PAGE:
This story is part of, CNET's coverage of how the country is working toward making broadband access universal.
For Jessica Rosenworcel, acting chair of the Federal Communications Commission, the moment is now to get the US on the right track toward ending the digital divide. That's what she's been trying to do with an influx of federal money aimed at getting Americans connected to the internet during the COVID-19 pandemic.
The crisis, which has hit low-income Americans and people of color especially hard, has brought attention to the digital divide and has spurred Congress to act, Rosenworcel said in an interview with CNET earlier this month.
"Out of crisis is opportunity," she said. "With this crisis, we've ended the days where we talk about broadband as a 'nice-to-have.' Policymakers everywhere now understand it's a 'need-to-have' for everyone across this country."
In addition to highlighting the problem that millions of Americans don't have access to broadband at all, the pandemic has revealed that millions of Americans aren't connected because they simply can't afford their broadband bills. As it became clear last year that Americans needed broadband to do everything from go to work to attend school to access health care during the pandemic, Congress committed federal COVID relief dollars to provide subsidies to millions of Americans to keep them online.
Now a $1 trillion bipartisan infrastructure spending package that the House is expected to vote on later this week will put more money -- $65 billion -- toward fixing the problem. It will fund the deployment of broadband where it doesn't yet exist. And where broadband is available, the funding will create permanent subsidy programs to help low-income Americans afford service.
Since stepping into the role as acting FCC chair in January, Rosenworcel, an eight-year veteran of the agency, has had a unique view into how these subsidy programs can help tackle the affordability conundrum.
While programs like the $50 monthly Emergency Broadband Benefit have had some problems, like some broadband companies reportedly upselling people into more expensive plans, they've helped more than 6 million Americans fund their internet access since May 12. According to a study last year by the New America Foundation's Open Technology Institute, the US has the highest average monthly internet prices when compared to other countries in North America, Europe and Asia. On average, the monthly bill in the US is $84.37, which includes $68.38 for internet service and $15.99 for equipment rental fees.
"What's become clear is that affordability is a really big issue in the digital divide," she said. "And we're going to need programs like the EBB to help solve it."
Rosenworcel also acknowledged another problem that Americans face: the persistence of illegal robocalls. Earlier this summer, the FCC mandated that all major phone companies implement a technology called Stir/Shaken to cut down on spoofed phone calls. But criminals have been adapting their techniques to get around the new restrictions, including turning to fraudulent text messages. Rosenworcel said the problem has no easy fix and admitted the 1990s law that gives the FCC authority to go after these bad actors is in need of updates to handle 21st century technology.
"I don't know about you, but I wasn't texting in 1991," she said. "So it's like fitting the proverbial square peg in a round hole -- figuring out how to take these new technologies and fitting them into old laws."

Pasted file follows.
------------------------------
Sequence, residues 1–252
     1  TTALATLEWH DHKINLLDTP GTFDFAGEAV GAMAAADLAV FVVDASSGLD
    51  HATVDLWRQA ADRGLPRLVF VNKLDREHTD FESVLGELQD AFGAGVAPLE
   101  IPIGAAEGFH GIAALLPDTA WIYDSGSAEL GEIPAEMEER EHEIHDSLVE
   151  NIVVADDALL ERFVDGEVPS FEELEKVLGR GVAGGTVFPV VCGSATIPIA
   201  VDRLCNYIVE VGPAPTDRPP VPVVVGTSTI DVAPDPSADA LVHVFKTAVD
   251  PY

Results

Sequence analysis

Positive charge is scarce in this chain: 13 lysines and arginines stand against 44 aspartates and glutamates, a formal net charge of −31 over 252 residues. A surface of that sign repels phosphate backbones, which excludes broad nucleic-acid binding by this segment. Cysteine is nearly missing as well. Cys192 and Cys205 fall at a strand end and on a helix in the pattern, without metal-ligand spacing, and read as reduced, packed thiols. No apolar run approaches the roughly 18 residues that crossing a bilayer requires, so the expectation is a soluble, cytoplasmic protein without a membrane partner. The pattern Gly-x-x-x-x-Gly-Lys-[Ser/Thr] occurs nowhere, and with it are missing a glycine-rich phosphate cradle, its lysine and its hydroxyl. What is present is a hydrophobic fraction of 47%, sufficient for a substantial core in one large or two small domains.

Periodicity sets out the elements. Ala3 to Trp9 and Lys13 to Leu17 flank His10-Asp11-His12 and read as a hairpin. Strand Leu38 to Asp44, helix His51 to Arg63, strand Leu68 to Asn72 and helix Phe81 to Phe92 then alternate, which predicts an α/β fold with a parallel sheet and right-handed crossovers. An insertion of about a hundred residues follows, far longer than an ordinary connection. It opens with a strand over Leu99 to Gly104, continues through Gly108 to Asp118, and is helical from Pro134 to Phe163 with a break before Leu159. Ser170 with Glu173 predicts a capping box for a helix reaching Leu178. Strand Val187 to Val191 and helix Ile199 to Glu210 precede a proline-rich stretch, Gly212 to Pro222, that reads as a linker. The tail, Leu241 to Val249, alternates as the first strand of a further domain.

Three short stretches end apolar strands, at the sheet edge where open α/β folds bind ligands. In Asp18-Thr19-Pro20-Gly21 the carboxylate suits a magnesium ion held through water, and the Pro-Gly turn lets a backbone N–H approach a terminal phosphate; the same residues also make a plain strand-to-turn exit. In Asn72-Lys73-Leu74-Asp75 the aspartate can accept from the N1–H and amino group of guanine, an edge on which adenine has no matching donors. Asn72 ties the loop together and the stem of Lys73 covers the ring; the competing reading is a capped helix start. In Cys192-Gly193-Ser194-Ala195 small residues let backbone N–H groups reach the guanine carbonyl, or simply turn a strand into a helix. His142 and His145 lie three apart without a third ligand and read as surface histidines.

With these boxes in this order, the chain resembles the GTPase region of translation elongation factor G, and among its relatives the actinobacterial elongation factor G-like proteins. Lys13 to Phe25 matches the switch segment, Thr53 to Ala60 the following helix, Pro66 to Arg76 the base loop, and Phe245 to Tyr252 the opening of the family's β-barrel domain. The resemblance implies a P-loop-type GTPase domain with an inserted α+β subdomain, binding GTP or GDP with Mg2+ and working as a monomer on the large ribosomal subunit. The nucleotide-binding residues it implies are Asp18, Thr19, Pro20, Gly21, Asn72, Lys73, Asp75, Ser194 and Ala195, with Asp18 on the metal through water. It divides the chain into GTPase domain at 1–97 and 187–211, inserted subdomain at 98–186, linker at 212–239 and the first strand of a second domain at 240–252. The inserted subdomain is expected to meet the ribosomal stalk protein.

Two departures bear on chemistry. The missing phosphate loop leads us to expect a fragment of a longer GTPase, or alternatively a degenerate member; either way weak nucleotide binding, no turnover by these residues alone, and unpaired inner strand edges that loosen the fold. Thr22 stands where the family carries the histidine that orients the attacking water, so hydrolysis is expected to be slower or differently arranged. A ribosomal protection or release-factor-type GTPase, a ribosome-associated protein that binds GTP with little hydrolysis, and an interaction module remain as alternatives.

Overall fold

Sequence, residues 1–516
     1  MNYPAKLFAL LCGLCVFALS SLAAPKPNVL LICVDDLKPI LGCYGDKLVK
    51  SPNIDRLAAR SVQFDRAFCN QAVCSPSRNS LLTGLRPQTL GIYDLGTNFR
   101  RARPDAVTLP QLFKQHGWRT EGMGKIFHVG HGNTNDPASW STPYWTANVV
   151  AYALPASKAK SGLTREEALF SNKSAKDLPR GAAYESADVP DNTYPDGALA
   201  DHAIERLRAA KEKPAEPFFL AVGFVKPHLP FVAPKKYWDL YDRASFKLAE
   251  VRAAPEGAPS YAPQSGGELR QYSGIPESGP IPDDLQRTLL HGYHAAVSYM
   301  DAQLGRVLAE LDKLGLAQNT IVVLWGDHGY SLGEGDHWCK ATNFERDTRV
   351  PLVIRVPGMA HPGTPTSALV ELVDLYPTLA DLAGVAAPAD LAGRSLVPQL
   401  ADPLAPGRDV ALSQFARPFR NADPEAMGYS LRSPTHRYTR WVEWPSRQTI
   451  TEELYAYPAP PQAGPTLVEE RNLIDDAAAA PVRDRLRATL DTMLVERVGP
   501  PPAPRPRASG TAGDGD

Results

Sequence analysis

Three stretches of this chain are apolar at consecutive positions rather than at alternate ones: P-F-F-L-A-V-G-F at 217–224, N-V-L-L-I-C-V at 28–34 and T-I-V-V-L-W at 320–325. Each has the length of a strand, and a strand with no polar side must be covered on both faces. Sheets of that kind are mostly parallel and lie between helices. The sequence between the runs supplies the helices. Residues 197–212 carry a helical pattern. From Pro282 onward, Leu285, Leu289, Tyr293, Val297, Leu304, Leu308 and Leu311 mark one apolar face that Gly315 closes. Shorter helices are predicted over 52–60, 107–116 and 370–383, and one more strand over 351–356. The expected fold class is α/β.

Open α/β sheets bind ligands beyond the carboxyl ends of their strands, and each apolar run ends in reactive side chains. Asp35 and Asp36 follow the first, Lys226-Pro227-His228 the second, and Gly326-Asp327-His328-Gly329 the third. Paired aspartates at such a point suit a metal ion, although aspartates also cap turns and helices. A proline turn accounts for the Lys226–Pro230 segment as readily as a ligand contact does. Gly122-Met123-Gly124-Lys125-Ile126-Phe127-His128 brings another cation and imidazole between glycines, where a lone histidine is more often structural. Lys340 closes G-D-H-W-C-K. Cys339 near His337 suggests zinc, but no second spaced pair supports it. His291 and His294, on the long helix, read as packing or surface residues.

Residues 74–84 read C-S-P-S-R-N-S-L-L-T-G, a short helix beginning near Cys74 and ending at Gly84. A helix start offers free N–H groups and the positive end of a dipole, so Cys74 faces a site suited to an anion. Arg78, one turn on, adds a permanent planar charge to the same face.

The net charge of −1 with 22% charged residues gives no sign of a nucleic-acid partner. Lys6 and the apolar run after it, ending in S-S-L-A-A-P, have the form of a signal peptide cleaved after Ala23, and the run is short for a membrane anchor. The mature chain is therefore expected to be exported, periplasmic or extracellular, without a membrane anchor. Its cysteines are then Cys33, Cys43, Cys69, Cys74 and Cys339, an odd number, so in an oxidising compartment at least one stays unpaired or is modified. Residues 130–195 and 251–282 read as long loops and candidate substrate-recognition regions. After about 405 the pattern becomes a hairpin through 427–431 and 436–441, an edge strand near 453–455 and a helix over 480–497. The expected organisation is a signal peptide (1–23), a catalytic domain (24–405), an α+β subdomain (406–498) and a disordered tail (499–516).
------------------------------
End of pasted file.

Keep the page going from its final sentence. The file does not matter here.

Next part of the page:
Ultimately ending this scourge of robo-scams will take federal and state agencies working together, Rosenworcel said.
"I think with coordinated activity -- with many more mallets smacking this problem -- we're going to be more capable of bringing it to a stop," she said.
Below is an edited excerpt of our conversation.
The FCC has been distributing millions of dollars in subsidies to households to pay for broadband service as part of the Emergency Broadband Benefit. Now Congress is working to make that subsidy permanent through the infrastructure bill. But the EBB program hasn't been without critics. What lessons has the FCC learned that will guide it when administering a new program?
Rosenworcel: This pandemic has exposed a really hard truth that we have a digital divide in this country that's very real and very big. We need to find new ways to tackle it, so that everyone, everywhere has access to broadband. One of those ways is what you mentioned, the Emergency Broadband Benefit.
This program is a really big deal. It's the nation's largest-ever broadband affordability program. We've never had anything this big before. It helps low-income households get online and stay online. It provides $50 a month in support. That number goes up to $75 a month on tribal lands. You can also get a discounted laptop or tablet computer.
In the short time [that the EBB] has been available, we've had more than 5.5 million households enroll, which really demonstrates that this is a program that we need to help make sure that every household can get online and stay online.
Congress has taken note, and the legislation that's pending on Capitol Hill looks at how they can extend this program.
One of the benefits of that extension is that they're looking at what worked and what didn't. They're putting in some new consumer protections to prevent things like upselling to these households. That's a really good thing. They're also taking a look at lowering the dollar value and support from $50 a month to $30 a month. That's more challenging. But when you stand back and look, what's become clear is that affordability is a really big issue in the digital divide. And we're going to need programs like this to help solve it.